Christian Missions has had a difficult relationship with race. While it is stylish today to talk about missionaries in the 19th century and early 20th century as racists or cultural imperialists, the truth is much more complicated. It is true that Missionaries tended to be monoculturalists. That is, they tended to see and judge the world around them through the lens of their home culture. They had difficulty (as most of us, frankly, do) in separating between “our culture” and “Christian culture.” It also seems to be true that they tended to view themselves as superior to the people in the cultures they worked in. Historically, people often relate technological superiority with cultural or even genetic superiority.

However, missionaries of this time also accepted other peoples as God’s creation and, therefore, brothers and sisters, rejecting the so called racial science theories of the time. Quoting from Ruth Tucker’s book “From Jerusalem to Irian Jaya” (Zondervan, 1983) pg 140,

It was the nineteenth-century intellectuals of high society who viewed black Africans (and other races as well) “as inherently inferior—many rungs below Caucasians on the ethnologists’ evolutionary ladder. Missionaries, on the other hand, were ridiculed in scholarly journals for their shallow thinking in regard to race, and most educated Englishmen would have agreed with Mary Kingsley (whose Africa travelogue was widely circulated) when she criticized missionaries for their ‘difficulty in regarding the Africans as anything but a Man and a Brother’ and their belief in ‘the spiritual equality of all colors of Christians.’

Stephen Jay Gould’s book “The Mismeasurement of Man” gives a great deal of information on these 19th century ‘scholars’ who worked very hard to prove the inherent superiority (intellectually, physically, and morally) of Caucasians over other groups. Much of the work focused on utilizing the then new theory by Charles Darwin of Species Evolution. The theory appeared to give scientific basis for the concept of race. From there it was just a matter of trying to show one’s own race was higher up the evolutionary ladder. Missionaries, although certainly influenced by the culture and views of their upbringing, often fought these attitudes, and did much to protect local peoples from abuse from other Europeans and Americans.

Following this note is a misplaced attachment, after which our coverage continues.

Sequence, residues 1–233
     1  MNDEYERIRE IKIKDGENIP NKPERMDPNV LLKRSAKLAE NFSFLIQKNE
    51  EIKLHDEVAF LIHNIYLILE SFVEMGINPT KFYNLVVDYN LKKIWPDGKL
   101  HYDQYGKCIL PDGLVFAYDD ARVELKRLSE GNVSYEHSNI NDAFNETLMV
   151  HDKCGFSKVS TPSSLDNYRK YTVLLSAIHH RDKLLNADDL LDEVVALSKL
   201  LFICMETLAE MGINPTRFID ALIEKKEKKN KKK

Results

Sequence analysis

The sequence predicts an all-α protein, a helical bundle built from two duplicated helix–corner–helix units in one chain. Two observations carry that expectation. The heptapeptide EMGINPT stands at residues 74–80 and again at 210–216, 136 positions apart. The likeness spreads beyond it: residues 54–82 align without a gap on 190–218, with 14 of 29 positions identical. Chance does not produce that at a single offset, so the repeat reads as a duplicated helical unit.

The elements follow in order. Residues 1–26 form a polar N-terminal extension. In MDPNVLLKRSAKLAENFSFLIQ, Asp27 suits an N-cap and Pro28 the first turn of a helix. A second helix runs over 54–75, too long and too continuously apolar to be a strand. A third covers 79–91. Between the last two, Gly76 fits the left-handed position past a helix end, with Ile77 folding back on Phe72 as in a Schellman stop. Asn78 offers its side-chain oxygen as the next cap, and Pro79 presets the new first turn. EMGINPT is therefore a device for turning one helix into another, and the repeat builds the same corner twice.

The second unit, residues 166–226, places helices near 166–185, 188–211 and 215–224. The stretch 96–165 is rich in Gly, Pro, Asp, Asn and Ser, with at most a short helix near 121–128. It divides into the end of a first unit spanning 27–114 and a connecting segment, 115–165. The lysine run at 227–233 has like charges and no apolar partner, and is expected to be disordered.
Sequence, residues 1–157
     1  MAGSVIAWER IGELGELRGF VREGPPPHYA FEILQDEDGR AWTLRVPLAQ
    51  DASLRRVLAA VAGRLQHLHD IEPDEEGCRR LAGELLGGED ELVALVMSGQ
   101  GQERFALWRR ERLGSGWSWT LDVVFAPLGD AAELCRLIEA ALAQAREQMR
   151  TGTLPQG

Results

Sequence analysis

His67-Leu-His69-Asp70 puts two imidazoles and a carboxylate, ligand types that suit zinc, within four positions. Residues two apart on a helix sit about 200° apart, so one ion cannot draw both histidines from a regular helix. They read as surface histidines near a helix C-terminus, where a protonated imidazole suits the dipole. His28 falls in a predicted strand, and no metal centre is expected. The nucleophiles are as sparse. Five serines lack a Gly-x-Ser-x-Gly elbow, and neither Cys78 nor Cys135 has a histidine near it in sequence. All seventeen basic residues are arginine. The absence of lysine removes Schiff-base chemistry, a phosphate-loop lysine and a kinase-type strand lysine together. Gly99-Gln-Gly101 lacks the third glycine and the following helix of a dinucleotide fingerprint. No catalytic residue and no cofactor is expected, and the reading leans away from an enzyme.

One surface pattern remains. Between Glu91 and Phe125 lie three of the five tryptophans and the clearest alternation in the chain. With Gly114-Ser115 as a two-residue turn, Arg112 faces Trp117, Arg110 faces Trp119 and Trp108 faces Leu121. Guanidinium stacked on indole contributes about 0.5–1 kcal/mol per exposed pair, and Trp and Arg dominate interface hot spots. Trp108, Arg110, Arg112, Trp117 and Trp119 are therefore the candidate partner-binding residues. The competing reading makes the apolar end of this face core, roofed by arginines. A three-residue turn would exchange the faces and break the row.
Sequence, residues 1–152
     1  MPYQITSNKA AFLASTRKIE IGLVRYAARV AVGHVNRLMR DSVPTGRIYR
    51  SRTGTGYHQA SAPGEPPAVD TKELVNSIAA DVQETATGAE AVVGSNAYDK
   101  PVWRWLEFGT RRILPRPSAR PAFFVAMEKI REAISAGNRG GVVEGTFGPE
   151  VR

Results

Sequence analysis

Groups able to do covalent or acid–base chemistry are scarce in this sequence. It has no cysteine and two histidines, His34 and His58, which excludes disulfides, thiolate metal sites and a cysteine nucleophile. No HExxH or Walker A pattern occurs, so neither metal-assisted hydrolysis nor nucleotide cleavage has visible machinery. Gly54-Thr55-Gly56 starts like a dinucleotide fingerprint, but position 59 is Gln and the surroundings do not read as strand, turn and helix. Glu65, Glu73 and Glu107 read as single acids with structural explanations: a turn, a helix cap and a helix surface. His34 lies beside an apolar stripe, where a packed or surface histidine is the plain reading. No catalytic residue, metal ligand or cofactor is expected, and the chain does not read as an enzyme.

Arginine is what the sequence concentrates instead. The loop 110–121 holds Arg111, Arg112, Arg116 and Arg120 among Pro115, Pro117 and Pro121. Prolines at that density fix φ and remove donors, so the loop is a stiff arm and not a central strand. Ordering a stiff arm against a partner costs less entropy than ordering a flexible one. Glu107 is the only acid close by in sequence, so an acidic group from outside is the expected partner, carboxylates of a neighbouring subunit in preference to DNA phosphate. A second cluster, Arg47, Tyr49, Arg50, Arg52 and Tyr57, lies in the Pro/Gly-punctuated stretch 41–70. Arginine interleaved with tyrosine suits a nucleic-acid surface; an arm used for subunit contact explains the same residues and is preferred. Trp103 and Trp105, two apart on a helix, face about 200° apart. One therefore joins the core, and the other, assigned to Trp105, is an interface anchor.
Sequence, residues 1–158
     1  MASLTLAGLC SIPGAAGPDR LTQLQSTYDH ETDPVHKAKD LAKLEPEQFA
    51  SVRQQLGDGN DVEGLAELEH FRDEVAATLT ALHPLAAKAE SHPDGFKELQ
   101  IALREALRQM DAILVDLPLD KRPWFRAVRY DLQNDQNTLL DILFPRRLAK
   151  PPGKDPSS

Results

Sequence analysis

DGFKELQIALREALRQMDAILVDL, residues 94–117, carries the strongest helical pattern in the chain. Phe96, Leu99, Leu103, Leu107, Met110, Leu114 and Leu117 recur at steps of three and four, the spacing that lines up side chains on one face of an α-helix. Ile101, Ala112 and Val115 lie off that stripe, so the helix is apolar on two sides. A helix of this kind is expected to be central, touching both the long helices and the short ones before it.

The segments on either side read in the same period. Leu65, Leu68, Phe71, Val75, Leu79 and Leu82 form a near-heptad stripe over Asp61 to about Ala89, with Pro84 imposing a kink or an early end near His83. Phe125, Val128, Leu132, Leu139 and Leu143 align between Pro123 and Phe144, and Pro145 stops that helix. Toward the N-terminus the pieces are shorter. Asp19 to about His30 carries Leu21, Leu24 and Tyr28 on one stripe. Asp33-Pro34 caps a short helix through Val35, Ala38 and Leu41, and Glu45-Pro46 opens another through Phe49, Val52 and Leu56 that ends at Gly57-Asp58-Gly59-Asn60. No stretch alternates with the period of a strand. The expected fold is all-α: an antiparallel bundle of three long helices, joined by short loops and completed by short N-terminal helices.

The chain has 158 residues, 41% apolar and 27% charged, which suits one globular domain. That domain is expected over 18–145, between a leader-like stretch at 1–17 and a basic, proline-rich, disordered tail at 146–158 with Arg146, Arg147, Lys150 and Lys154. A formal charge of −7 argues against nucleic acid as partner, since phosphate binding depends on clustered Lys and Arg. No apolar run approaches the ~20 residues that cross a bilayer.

However, missionaries showed much of their racism when it came to miscegenation. One of the biggest concerns was missionaries “going native”. While “going native” could demonstrate itself in many different forms, one of the most evident ways was through sexual relations. While this has often been an issue in many places, it was often seen in the South Pacific where the local cultures made marrying into the local tribe relatively easy. Many singles (particularly single men) had problems in missions due to sexual temptation. In some cases this included a rejection of the mission calling. The term “going native” would, in this case, not be very accurate. Rather, their behavior was more in line with European and American traders and sailors (rather than the behavior of natives)— living a hedonistic lifestyle on some islands, violating both home and local cultural norms.

Many, however, did not seek to leave their missionary calling, but sought to serve God while married into the people group of which they ministered. One story often mentioned was of Henry Nott. Nott served in Tahiti in the 1800s under the London Missionary Society (LMS). While in Tahiti, Nott, took a Tahitian woman as his wife. However, because of objections from European Christians, he and other missionaries with the LMS agreed to “annul” their local marriages to marry “Christian” women sent by the mission society for them. Henry Nott’s new wife did not prove to be a sound missionary and died a few months later of excessive drinking. (Reference: “From Jerusalem to Irian Jaya”, pgs. 201-202)

Times have changed… but some problems linger. I have known missionaries who have been cut off by supporters for “marrying a foreigner.” Some mission agencies still believe that missionaries cannot serve in their home culture. One can see the challenge of working in a culture and marrying someone within that culture if doing so causes policy problems within the agency (as well as supporters). Part 2 looks at some questions regarding interracial or intercultural marriage within the context of missions.